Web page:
Sophia Wainwright was born in 1814 in Kent. Her father was a military man who had served in Gibraltar and the West Indies but retired to Leeds, where Sophia’s brother ran woollen mills. In 1837 she met the Reverend William Towler, a Wesleyan preacher. Methodist records tell us:
At the (Wesleyan) conference of 1837, William received an appointment to Haiti, and for nearly sixteen years faithfully and zealously laboured in Haiti and St Domingo. For the greater part of that time he was resident in the town of Puerto Plata, and, in consequence of the hostilities subsisting between the empire and the republic, was cut off from all personal intercourse with his brethren, and subjected to many and grievous privations, both personal and domestic. But, notwithstanding all, he fulfilled his course with diligence; his work was his delight. His death was a fitting sequel to a holy and devoted life. For him death had no terrors. He died on the 25th August 1853, in the forty-second year of his age, and the sixteenth of his ministry.
Letters tell of natural and man-made destruction, with earthquakes punctuating the fighting. In the midst of those horrendous conditions, Sophia brought up four daughters. After William’s death, Sophia and the girls returned from Haiti to England.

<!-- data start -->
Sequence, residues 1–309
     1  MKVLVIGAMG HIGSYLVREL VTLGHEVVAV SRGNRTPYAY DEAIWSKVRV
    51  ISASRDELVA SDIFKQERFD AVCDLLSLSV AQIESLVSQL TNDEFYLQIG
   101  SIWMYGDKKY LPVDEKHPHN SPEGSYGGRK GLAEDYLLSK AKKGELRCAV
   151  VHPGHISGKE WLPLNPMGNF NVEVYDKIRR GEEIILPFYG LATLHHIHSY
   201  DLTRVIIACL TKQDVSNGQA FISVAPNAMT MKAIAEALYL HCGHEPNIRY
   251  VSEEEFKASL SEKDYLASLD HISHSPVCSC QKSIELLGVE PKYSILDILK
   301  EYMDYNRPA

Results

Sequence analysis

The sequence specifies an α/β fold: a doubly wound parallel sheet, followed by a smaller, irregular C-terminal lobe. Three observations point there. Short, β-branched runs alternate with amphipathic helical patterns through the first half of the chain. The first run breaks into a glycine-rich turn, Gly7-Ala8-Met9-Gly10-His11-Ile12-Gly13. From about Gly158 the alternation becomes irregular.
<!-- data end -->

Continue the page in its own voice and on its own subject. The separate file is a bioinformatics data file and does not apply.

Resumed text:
Although a non-conformist minister, William had provided well for Sophia and their daughters. By 1871, Sophia and the girls were running a ‘school for ladies’ in Station Road in Settle with enough money for a servant. Two of the daughters married good Methodist men. Sophia died in 1874.
Amazingly and tragically, during the first week of October 1885, three of Sophia’s four daughters died. Sophia and Eliza both died of pneumonia on 1st and 5th respectively; their sister Mary Ann followed on 9th October, dying of typhoid.
Their remaining sister Emily and her husband William Walker, a chemist, continued to serve the Methodist church in Settle. His business continued until 1978, on the site now occupied by Boots Chemist.